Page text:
Anyone who has severe allergies should ask their regular healthcare provider whether a flu shot would be safe and beneficial.
Timing is everything
For the maximum benefit, get vaccinated in October or November. Influenza can occur any time from November through May, but it most often peaks in January or February. Even given in December, the flu shot can still offer protection for the remainder of the season.
Many flu shot clinics are at easily accessible places, such as chain grocery stores and pharmacies, and many list their schedules on the Internet. Truck stop clinics also will have the vaccine available. You can also check with local clinics while on layovers, or discuss the vaccine with your personal physician while home.
Allergic reactions to the vaccine are rare. If they do occur, it is usually within a few minutes to a few hours after the shot. Those who are receiving the flu shot for the first time should hang around the clinic for at least 20 to 30 minutes because severe reactions will usually happen during that time frame.
Severe reactions may include high fever, behavior changes, difficulty breathing including wheezing and hoarseness, hives, paleness, weakness, sweating, and a rapid pulse. Seek medical attention immediately. The risk of a vaccine causing serious harm, or death, is extremely small.
Mild effects usually last only a day or two and are rare. They include soreness, redness or swelling where the shot was given; low-grade fever; and mild aches.
One shot isn’t the whole shootin’ match
If you’re going to take the time off the road to get a flu shot, check with your doctor concerning other vaccinations you should get at the same time. Many vaccines can be given at the same time as a flu shot (see chart on Page XX). One of the most recommended for adults is the pneumococcal vaccine, which people sometimes refer to as the “pneumonia shot.”
Both the flu vaccine and pneumococcal vaccine are usually covered by health insurance plans. However, if you do not have insurance, the vaccines are available for a nominal fee at clinics. The flu vaccine costs less than the pneumococcal vaccine.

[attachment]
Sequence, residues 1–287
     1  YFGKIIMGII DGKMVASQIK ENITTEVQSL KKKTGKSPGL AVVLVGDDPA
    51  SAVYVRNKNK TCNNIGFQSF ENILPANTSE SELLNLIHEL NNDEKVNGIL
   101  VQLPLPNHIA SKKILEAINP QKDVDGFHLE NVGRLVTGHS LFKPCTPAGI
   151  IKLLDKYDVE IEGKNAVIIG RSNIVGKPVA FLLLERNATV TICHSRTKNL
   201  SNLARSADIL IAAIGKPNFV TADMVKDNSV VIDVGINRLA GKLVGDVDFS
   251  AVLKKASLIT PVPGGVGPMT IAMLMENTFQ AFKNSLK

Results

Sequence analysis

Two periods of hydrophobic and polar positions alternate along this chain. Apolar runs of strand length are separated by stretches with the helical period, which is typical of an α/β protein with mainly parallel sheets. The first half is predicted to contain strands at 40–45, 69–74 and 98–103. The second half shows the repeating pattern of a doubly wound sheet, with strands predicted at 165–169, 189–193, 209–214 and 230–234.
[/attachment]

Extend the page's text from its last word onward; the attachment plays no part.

Pneumococcal disease kills more people in the United States each year than all other vaccine-preventable diseases combined. Anyone can get pneumococcal disease. However, some people are at greater risk. These include people 65 and older, the very young, and people with special health problems such as alcoholism, heart or lung disease, kidney failure, diabetes, HIV infection or certain types of cancer.
Pneumococcal disease can lead to serious infections of the lungs, blood and the covering of the brain – aka pneumonia, bacteremia and meningitis. Drugs such as penicillin were once very effective on these infections, but the disease has become more resistant, making treatment more difficult.
The pneumococcal polysaccharide vaccine (PPV) protects against 23 common types of pneumococcal. Most healthy adults who get the vaccine develop protection to most or all of these types within two to three weeks of getting the shot.
Usually one dose of the vaccine is all that is needed in a lifetime. A second dose is recommended for those aged 65 and older who got their first dose when they were under 65, if five or more years have passed since that dose, or if someone is immune suppressed.
PPV is a safe vaccine. About half of those who get the vaccine have very mild side effects, such as redness or pain where the shot is given. Fewer than 1 percent develop a fever, muscle aches, or more severe local reactions. Severe allergic reactions have been reported very rarely. LL
Cara Reed, M.S.N., lives in Old Forge, PA, and is a registered nurse and clinical nurse specialist in adult/geriatric health. She currently practices as a case manager in community health and adult preventive health. Cara is the wife, daughter and sister of truckers and has always been interested in the trucking industry and, in particular, truckers’ health habits.